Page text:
Side note: I’m reading The Memory Keeper’s Daughter by Kim Edwards right now, quite an interesting story about a doctor who delivers his own twins (this is 1964) and when the daughter turns out to have Down’s Syndrome, sends her away with the nurse and tells his wife she died at birth. The nurse, rather than give the baby to an institution, leaves town and adopts her. And that’s as far as I’ve gotten.

I like the author’s writing, and I think the story and the characters have a lot of potential. The one thing that’s bugging me right now? Every other chapter, she refers to a baby’s (or even a small child’s) hands as “stars” or “starfish.” Well, yeah, it’s a good image, but it’s getting overdone.

Ever notice writers who do that? Use the same mannerisms or comparisons or phrases in the same book or from book to book? I haven’t decided if it’s an author’s mark, making it sort-of OK, or the inability (or lack of desire) to think up a new turn of phrase. Ah, well.

Tuesday, January 16, 2007


"'Anyone can slay a dragon,' he told me, 'but try waking up every morning & loving the world all over again. That's what takes a real hero.'"

~Brian Andreas

Only time for a quick blog today, as I’m off to school after a 3-day weekend. The weather says the storm that hit the Midwest is heading this way, but it’s not here yet…


Why do I have such a hard time creating it in my writing? I noticed, over the weekend, that 3 of the novels I’m currently working on end up with the hero and heroine having their Black Moment in (or just about to enter) a hospital. As soon as I realized that, I changed the plot of one of them entirely. But why is that? Why do I equate conflict with pain and injury and possible death? I suppose that is one way of creating a desperate, tense climax. But it’s not very creative, I’m afraid.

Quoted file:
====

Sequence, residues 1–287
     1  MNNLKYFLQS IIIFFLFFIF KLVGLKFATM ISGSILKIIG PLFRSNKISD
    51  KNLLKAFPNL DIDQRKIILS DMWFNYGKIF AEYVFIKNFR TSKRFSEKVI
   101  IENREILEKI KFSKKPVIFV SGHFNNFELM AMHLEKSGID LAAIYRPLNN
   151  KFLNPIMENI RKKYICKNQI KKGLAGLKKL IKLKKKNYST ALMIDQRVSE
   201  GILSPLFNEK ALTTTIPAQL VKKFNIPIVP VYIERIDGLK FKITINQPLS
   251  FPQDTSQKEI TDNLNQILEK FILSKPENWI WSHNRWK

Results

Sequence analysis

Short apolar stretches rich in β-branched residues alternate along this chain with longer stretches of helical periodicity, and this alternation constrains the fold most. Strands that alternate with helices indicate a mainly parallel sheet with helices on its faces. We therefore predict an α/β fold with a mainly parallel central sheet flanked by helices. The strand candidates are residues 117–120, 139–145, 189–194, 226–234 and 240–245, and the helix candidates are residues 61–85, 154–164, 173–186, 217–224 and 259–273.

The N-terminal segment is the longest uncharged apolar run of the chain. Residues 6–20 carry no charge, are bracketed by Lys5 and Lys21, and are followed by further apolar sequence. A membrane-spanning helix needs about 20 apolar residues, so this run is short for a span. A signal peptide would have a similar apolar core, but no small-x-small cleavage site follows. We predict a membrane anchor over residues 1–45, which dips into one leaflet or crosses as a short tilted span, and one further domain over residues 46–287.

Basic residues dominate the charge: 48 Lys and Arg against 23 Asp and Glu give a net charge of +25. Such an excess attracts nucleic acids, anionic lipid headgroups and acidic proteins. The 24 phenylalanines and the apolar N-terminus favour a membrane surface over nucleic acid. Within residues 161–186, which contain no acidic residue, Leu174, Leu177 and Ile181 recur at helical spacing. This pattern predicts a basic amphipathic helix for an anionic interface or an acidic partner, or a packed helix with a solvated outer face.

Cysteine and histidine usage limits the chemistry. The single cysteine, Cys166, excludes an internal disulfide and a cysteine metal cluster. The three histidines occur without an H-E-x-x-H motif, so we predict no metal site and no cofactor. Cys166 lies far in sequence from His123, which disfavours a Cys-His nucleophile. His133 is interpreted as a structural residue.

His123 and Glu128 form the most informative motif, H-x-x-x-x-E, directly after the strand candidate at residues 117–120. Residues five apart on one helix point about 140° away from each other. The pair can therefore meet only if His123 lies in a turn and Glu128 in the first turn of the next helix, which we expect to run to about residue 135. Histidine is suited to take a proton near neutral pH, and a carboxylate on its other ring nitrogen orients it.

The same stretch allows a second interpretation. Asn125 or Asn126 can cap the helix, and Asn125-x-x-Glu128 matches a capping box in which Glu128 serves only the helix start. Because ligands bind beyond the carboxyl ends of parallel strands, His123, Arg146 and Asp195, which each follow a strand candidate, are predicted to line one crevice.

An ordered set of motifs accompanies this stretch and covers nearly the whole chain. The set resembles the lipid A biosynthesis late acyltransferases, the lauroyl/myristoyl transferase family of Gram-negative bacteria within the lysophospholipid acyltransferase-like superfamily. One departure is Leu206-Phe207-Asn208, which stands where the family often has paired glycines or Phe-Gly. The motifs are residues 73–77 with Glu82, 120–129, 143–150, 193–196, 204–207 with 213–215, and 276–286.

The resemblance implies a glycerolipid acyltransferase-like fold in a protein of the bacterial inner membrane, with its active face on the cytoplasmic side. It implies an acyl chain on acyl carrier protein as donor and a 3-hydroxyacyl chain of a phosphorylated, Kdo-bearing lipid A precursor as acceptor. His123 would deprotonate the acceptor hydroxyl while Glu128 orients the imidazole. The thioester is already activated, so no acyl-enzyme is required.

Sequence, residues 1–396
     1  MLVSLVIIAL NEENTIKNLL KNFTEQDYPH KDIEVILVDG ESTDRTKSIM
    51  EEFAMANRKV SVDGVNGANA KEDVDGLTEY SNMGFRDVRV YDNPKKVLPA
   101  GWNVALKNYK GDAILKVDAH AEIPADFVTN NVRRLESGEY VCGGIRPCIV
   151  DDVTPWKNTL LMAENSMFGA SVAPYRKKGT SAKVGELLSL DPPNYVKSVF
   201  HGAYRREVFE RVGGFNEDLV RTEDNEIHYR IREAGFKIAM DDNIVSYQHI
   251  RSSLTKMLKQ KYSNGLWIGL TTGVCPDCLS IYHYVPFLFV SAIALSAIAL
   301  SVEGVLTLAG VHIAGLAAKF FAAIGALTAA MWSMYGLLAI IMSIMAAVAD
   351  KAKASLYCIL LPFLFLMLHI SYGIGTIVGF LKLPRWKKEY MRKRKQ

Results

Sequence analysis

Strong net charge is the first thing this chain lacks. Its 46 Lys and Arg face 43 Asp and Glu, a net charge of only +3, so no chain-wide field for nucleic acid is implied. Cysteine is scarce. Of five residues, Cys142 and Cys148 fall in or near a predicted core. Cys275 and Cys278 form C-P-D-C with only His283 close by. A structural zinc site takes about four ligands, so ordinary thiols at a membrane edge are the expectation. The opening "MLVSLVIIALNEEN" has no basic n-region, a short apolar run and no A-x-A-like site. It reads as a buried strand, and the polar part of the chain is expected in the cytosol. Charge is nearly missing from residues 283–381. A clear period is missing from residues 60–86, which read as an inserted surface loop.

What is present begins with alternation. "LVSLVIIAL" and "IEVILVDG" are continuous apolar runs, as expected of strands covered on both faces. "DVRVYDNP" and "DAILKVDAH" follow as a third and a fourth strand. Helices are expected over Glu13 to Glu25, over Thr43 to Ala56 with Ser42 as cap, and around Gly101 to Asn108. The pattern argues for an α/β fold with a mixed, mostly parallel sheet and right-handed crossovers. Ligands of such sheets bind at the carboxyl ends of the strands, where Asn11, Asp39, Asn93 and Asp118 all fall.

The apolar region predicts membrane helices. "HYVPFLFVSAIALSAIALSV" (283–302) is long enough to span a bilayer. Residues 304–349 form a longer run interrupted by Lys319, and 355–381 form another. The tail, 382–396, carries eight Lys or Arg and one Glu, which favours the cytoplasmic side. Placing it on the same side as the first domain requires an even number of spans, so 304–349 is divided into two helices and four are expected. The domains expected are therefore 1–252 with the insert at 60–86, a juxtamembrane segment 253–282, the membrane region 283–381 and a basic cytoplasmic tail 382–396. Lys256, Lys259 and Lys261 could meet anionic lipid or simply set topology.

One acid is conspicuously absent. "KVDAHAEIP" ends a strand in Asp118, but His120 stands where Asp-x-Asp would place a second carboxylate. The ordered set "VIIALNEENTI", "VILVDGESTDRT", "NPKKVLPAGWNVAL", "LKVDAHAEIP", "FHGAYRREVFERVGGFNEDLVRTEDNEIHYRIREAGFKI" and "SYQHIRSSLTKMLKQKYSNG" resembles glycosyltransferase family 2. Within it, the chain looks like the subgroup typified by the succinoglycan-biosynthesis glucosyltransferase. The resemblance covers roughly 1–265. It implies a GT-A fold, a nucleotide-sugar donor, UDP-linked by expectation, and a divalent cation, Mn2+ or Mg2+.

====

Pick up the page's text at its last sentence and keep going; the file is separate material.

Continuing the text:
I have another writing friend who falls back on a natural disaster--storm, tornado, flood--to create her Black Moment. The third novel she wrote with this M.O, she finally took a second look and realized she should use something else.

Do you find yourself relying on the same techniques to up the conflict in your writing? And if not, how do you avoid it?

Monday, January 15, 2007

Making a Difference

“This is no time to engage in the luxury of cooling off or to take the tranquilizing drug of gradualism. Now is the time to make real the promises of democracy…Now is the time to make justice a reality for all of God's children.”

~Dr. Martin Luther King, Jr.

If you didn’t see Al Gore’s documentary “An Inconvenient Truth” (and I didn’t, but wanted to), you can go to this website and get a free DVD: SHARE THE TRUTH

I do believe we have an obligation to be careful consumers while we’re here on this earth, both of natural resources and material items and intangible ideals, and as much as possible strive to make it a place where our children will be cherished and safe in decades to come…

You've Experienced 88% of Life

You have an amazing amount of life experience. In fact, you've seen and done more than most people.
So congratulate yourself on what you've done so far. The future is only going to be more of the same! I guess in 2007 I should work on experiencding the other 12%, whatever that is...

Got my contracts from Samhain Publishing this weekend, signed and popped them in the mail. Exciting!

Am currently working on a writing-craft article about using animals to show character development, and the editor at WOW-Women on Writing is interested on publishing it in their March issue. She’s been terrific at email correspondence, sending these very long and detailed letters about her thoughts & suggestions. My impression is that WOW is a brand new ezine trying hard to make it, and, from the looks of some of the author-agent-editor interviews they’ve had, and the level of activity with their contests and links and columns, they’re doing pretty well so far.

Today? I'm enjoying a day off from work and revising some old stuff to get it newly ready for submission in the coming months.

Oh! And I ran a 5K yesterday (that’s 3.1 miles…the .1 is very important) in 26:34, which is pretty good for an old lady like me, better than I had hoped for.

What about you? Doing anything interesting today?